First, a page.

The start point
We use the 'shortest designated route' to determine a child's closest school. We then use that distance in the free transport assessment.
Ordnance Survey uses information from Royal Mail and local councils to make a start point (seed point) for each address. The seed point usually falls within the bounds of a property and is accurate to the nearest 10 centimetres.
The digitised network
Ordnance Survey created the integrated transport network (ITN) and accurately digitised it for mapping.
The ITN measures along the centre of roads and takes corners at right angles. Mapping services like Google Maps use the same information but a less accurate start point. Our mapping is accurate to at least 1 metre and includes public routes such as alleyways, footpaths and bridleways.
The network only includes routes that Ordnance Survey class as 'public'. So that does not include:
- parks with no footpaths
- parks that are not open all the time
- short-cuts across open land without paths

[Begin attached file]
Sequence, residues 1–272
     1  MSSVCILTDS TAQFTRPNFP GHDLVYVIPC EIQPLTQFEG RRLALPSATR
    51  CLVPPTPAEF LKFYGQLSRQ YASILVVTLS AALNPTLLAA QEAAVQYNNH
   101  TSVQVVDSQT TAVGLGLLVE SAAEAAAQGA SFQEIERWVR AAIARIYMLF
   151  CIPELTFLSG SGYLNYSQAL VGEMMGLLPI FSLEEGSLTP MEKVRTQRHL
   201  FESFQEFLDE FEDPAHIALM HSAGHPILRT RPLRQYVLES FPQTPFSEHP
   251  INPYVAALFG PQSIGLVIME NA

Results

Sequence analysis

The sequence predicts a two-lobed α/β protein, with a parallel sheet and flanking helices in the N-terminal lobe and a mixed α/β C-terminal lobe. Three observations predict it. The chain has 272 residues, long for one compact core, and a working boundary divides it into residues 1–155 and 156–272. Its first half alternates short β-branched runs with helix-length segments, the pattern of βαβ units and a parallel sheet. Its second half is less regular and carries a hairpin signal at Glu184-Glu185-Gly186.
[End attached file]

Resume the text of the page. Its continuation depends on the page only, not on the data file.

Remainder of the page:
- footpaths across private land.
The end point
The end point is the nearest open school gate to the start point when following the shortest designated route. The gate must be officially available for students to:
- enter at the start of the school day
- exit at the end of the school day.
We have set the location of these school gates, and we consult with schools every year to ensure they are available.
The shortest designated route
An algorithm in our mapping software RouteFinder works out the shortest designated route. RouteFinder measures in kilometres and then converts which is accurate up to 1.609344 metres.
The shortest designated route may not be a driving route because it could be all or part footpaths. It may not be a walking route because we measure roads along their centre and not along the edge.
Measuring with other mapping tools
You may get a different measurement for the shortest designated route if you use a tool such as Google Maps. We cannot consider these measurements because they do not form part of the admissions process.
Addresses outside the digitised network
We use an internet mapping tool for addresses that are more than six miles outside Oxfordshire's boundary.
We use Google Maps for addresses in Europe.
We measure a straight line to the school gate with a longitude and latitude calculator for addresses outside Europe.
Own admission authority schools
A small number of schools that administer their own admissions, use a straight line measurement from home to school. We calculate the distances for those shoes.